MaxSpace

Movie Review: Life Itself

Tears will be jerked, yanked, extracted—whatever it takes.

By Max Weiss | September 21, 2018, 5:17 pm

-Amazon
MaxSpace

Movie Review: Life Itself

Tears will be jerked, yanked, extracted—whatever it takes.

By Max Weiss | September 21, 2018, 5:17 pm

-Amazon

Life Itself tries very hard to be the Love, Actually of misery porn. It tells several interconnected stories, all featuring beautiful people in love, and shocking tragedies. This is the kind of film that has so much death, tragedy, and destruction, you spend the entire time waiting for an actual piano to fall on someone’s head. The film is written and directed by Dan Fogelman of the popular TV melodrama This is Us. Suffice it to say that the dude loves jerking tears like Trump loves self-tanner.

Critics have absolutely savaged the film—and of course they have. On top of the highly manipulative tragedies, the film has some pseudo-lofty thoughts about life being the ultimate unreliable narrator (a thought that is expressed out loud multiple times in the film and also written on the front page of a college thesis, in case you didn’t catch it the first time). At least the first part of the film actually addresses the unreliable narrator—explicitly. The second half is a pretty straightforward melodrama, although it screeches to a baffling halt when Antonio Banderas, as Saccione, tells the (tragic) story of his life—in Spanish. (Honestly, there’s nothing wrong with the scene per se—Banderas sells it—but it breaks up the film’s rhythms in a bizarre way.)

It’s hard to describe the plot(s) without giving too much away but I’ll give it a whirl. The first “chapter” of the film deals with Will (Oscar Isaac) who is reeling after his wife, Abby (Olivia Wilde) leaves him. In flashbacks, we see that Abby is your basic Bob Dylan and Quentin Tarantino loving “cool girl” and Will’s devotion to her veers from charming to obsessive. But Abby herself is the victim of multiple tragedies—so, so many tragedies—it’s hard to believe that she’s the chill, well-adjusted woman that Will describes. (Yes, I get it, Will is an unreliable narrator–or so we’ve been told over and over again—but the film is too shallow to really explore Abby’s psyche.)

The second chapter deals with Will and Abby’s rebellious daughter Dylan (get it?), who is being raised by her kindly grandfather, Irwin (Mandy Patinkin). The two have what I believe is supposed to be a cute ritual where Irwin takes a sip of whiskey and little Dylan pantomimes taking a sip of whiskey, and then they both give a satisfied sigh. This is hella inappropriate when Dylan is a little girl and not much better when Dylan is a disaffected teenager (Olivia Cooke), who follows the ritual by swiping Irwin’s glass and chugging its contents.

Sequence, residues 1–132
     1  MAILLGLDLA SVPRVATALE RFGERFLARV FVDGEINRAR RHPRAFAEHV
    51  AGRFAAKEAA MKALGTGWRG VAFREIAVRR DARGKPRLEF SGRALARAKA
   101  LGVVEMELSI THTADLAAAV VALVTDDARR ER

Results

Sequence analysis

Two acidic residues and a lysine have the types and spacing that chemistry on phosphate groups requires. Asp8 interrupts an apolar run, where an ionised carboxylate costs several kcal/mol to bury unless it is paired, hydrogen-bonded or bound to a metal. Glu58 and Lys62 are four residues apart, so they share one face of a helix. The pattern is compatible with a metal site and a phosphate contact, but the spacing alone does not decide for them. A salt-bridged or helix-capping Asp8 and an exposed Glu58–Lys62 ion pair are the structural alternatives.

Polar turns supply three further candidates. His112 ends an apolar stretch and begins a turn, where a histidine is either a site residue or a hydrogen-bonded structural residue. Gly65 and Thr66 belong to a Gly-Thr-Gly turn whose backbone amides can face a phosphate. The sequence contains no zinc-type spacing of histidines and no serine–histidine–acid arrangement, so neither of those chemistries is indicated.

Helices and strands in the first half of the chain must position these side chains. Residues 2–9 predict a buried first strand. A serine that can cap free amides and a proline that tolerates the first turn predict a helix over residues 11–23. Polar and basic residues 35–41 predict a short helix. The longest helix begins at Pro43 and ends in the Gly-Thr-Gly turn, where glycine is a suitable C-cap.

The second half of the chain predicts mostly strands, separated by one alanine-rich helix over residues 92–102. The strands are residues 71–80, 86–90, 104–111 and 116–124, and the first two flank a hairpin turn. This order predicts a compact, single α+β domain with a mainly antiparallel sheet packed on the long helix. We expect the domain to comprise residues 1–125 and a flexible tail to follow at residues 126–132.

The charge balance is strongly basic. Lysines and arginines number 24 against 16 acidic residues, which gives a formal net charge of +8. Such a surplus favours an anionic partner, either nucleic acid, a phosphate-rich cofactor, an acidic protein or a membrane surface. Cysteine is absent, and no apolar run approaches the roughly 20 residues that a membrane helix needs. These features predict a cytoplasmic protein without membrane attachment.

The third chapter focuses on a salt-of-the-earth foreman (Sergio Peris-Mencheta) of an olive grove who is suspicious when the grove’s cosmopolitan but lonely owner (Banderas) takes an interest in his family, particularly his pretty wife (Laia Costa).

The final chapter involves the foreman’s son (Àlex Monner), now living in New York and about to meet a depressed girl on a bench and, well, maybe you can guess who she is. (The answer is blowin’ in the wind…)

I haven’t even begun to touch on the pile-up of tragedies or the coincidences that keep this thing trucking along, but so be it. The real question is: Will you like it? I mean, maybe? If you’re the kind of person who really loves the easily accessible emotional beats of TV soap operas, you might indeed. It certainly has lots of great actors trying their best. And it’ll almost definitely make you cry. Fogelman has been defending his film against the onslaught of bad reviews (13 percent approval on Rotten Tomatoes—yikes!), arguing that real people will love the film. Is it possible that film critics are the most unreliable narrators of them all?




Meet The Author

Max Weiss is the editor-in-chief of Baltimore and a film and pop culture critic.



You May Also Like


Arts & Culture

New Music from Joy Postell and Haint Blue

We review their albums Diaspora and Overgrown.

Arts & Culture

Marching Orders

The Dunbar High School marching band fosters a community of musicians.

Arts District

Culture Club: Roxane Gay at Loyola, Dan Deacon and the BSO, Jim Jones Plays

Our monthly roundup of openings, events, and news from the art world.


Arts District

Little Match Girl Performance Immerses Audience in Completely New Way

Baltimore Choral Arts Society and MICA team up to deliver innovative approach to Hans Christian Andersen story.

Arts & Culture

Working Through It

WombWork Productions uses theater to teach and empower.

Arts District

Vocal-Only Embody Show Returns to WTMD

The showcase celebrating the human voice comes to Towson this Thursday.

Connect With Us

Most Read


Union Craft and DuClaw to Both Release LGBTQ-Inspired Beers: Divine IPA and Unicorn Farts sour ale will each debut in March.

Sassanova to Open at Green Spring Station: Local shoe and clothing boutique to open third location

Ana Rodney Puts Maternal Health of Black Women at the Forefront: The doula and activist started MOMCares as a way to advocate for black mothers.

The First Maryland Vegan Restaurant Week Kicks Off: Local vegan advocates promote healthy lifestyle and inclusive community.

Best Places For Parents to Restore Peace and Sanity Away From Kids: Whether you have two hours (or two minutes), take some time for yourself.